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What Makes People Buy: Part 4

Welcome back to our series on "Why People Buy." In Part 1, we spoke about why you need to make sure that your customers are aware of the problem they are experiencing and how your product or service can solve this problem. In Part 2, we focused on helping customers understand what life can be like once the problem is solved. Then, in Part 3, we explored the art of convincing customers that your product or service is the best solution for solving their problem.

Now, in Part 4, we’re looking at the next criteria on our list: “They need to have the means to purchase your product or make use of your services." 

It's important to understand that even the most effective marketing strategies won't lead to sales if they target an audience that doesn't have the means to buy the product or service. In this post, we look at what you can do to make sure that your marketing efforts reach an audience that not only has a problem that your business can solve but also has the means to buy your product or service.

Zia Redd What Makes People Buy Part 4 Red Tulip in Field

Understanding Your Ideal Customer Persona (ICP)

First things first, let's get a better understanding of what an Ideal Customer Persona (ICP) is. An ICP is essentially a detailed profile of your perfect customer - not just any customer, but one who represents the highest value to your business. It's a semi-fictional character based on real data and some educated guesses about demographics, behaviour patterns, motivations, and goals.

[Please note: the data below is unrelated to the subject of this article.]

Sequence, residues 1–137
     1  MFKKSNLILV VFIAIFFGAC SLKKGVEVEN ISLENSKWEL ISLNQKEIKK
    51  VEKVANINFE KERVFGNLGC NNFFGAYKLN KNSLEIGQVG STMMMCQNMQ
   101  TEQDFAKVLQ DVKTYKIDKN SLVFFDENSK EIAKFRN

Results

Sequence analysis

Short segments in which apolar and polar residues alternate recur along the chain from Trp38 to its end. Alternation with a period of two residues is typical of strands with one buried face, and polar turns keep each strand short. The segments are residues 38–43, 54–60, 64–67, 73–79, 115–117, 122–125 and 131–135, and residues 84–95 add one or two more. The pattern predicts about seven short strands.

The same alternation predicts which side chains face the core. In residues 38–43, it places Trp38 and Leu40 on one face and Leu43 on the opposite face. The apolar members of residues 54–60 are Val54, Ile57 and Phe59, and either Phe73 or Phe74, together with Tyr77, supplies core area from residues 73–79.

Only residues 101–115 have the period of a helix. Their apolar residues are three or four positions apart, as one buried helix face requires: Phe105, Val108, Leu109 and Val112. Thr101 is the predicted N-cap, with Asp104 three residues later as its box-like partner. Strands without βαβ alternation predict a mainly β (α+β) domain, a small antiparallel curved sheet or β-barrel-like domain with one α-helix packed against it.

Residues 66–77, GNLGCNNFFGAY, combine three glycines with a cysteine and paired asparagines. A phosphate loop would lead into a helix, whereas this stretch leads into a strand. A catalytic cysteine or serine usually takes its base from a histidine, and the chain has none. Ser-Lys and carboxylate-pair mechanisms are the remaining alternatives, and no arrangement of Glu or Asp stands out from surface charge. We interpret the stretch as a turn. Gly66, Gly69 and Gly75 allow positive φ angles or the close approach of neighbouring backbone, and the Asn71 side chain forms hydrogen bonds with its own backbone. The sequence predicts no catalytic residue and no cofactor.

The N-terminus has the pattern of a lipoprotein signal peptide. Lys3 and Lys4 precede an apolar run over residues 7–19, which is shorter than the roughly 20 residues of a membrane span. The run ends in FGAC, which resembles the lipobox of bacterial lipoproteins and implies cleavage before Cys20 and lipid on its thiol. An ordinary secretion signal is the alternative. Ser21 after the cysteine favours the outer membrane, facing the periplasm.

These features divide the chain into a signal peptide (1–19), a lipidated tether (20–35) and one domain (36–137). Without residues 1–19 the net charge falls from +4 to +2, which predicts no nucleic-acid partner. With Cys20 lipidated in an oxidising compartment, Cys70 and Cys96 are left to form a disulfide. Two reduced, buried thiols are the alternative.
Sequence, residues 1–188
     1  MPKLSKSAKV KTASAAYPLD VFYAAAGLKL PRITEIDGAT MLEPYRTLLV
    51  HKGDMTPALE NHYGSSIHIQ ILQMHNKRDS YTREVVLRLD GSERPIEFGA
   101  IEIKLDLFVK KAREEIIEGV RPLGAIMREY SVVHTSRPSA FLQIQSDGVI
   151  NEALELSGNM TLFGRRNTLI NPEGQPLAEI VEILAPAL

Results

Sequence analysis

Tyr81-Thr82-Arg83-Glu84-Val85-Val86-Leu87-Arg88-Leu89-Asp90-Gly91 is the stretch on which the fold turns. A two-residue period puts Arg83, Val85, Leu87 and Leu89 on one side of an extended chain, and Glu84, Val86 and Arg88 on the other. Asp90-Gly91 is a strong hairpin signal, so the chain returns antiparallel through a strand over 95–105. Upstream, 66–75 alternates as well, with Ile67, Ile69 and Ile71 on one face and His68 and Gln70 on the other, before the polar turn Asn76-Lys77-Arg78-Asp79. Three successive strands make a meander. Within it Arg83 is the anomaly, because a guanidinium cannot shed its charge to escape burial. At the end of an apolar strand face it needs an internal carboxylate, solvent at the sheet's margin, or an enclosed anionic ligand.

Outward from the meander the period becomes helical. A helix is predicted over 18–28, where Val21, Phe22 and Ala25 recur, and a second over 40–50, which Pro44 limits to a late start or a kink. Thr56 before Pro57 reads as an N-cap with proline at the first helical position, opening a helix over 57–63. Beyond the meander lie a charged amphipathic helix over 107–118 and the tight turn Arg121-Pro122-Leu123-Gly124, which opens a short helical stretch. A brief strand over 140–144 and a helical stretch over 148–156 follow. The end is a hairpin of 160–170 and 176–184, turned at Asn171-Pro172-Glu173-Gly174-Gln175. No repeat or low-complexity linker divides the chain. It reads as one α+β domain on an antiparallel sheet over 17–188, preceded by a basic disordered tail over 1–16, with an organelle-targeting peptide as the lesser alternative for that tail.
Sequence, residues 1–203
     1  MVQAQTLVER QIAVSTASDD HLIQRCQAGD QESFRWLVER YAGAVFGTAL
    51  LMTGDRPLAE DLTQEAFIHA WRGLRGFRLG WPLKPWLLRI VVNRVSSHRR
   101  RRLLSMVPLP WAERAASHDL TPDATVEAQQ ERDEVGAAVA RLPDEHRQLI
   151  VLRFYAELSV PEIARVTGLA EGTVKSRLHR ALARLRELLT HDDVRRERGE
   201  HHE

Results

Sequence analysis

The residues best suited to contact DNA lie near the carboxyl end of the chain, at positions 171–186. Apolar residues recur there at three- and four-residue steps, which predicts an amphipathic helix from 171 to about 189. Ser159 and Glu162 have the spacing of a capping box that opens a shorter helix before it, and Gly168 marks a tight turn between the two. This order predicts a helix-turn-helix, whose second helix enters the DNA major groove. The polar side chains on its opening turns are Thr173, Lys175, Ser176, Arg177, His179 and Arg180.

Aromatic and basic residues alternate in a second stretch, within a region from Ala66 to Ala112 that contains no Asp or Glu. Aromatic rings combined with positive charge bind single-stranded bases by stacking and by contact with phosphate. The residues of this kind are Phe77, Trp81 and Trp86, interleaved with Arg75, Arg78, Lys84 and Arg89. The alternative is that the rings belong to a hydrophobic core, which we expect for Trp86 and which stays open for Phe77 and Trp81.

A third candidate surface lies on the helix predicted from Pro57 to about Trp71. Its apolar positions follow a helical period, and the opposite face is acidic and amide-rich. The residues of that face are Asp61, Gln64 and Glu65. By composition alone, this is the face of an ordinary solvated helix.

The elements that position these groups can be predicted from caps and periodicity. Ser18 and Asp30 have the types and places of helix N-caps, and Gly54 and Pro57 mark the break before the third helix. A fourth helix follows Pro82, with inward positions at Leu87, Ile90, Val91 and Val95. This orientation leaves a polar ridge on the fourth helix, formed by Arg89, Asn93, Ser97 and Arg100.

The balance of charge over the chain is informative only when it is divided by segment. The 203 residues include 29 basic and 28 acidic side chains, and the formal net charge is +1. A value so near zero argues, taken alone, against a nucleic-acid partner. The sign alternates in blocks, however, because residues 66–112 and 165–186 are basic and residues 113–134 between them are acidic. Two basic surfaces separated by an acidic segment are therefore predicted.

But why is an ICP so important? Imagine you're a skilled archer. Without a clear target, where would you aim your arrows? Similarly, in marketing, without a clear understanding of who you're trying to reach, your efforts, no matter how well-curated, could end up missing the mark. An undefined ICP can lead to vague and ineffective marketing strategies that don't resonate with any specific audience, resulting in low conversion rates and missed sales opportunities. 

How to Define Your ICP Step-by-Step

I cover this process in-depth in my eBook, but here is a quick condensed version of the full process that you can consider:

  • Gather Demographic Information: Start with the basics like age, gender, location, education level, and job title. This helps in creating a basic idea of who your ideal customer might be.

  • Consider Financial Means: This is where affordability comes in. What is their income level? What kind of disposable income do they have? Understanding their financial means helps you know that you're targeting people who can realistically afford your product or service.

  • Analyse Lifestyle and Values: What does a day in their life look like? What are their hobbies, interests, and values? This helps in understanding their buying behaviour and how your product fits into their life.

  • Understand Their Pain Points: What challenges and problems are they facing that your product or service can solve? This insight is important for positioning your product as a solution to their specific needs. You have most likely already started developing an idea of this as you went about crafting your marketing messages in Parts 1 - 3 of this series. 

  • Examine Their Buying behaviour: Where do they usually shop? Are they more likely to buy online or in-store? Understanding their shopping habits helps you decide where to focus when it comes to the distribution of your marketing message. (We’ll get into this in more detail just now.)